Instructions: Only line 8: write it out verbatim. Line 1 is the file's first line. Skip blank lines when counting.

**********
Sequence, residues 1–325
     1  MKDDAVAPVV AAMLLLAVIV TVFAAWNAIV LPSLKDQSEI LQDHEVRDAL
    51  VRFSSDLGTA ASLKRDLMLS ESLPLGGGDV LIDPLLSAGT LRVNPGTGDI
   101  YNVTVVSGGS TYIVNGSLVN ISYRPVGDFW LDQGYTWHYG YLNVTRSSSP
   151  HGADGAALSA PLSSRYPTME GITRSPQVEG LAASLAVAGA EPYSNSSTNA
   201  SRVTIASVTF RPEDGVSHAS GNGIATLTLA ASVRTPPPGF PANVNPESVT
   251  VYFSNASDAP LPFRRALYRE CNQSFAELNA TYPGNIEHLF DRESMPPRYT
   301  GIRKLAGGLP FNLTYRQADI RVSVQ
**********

   301  GIRKLAGGLP FNLTYRQADI RVSVQ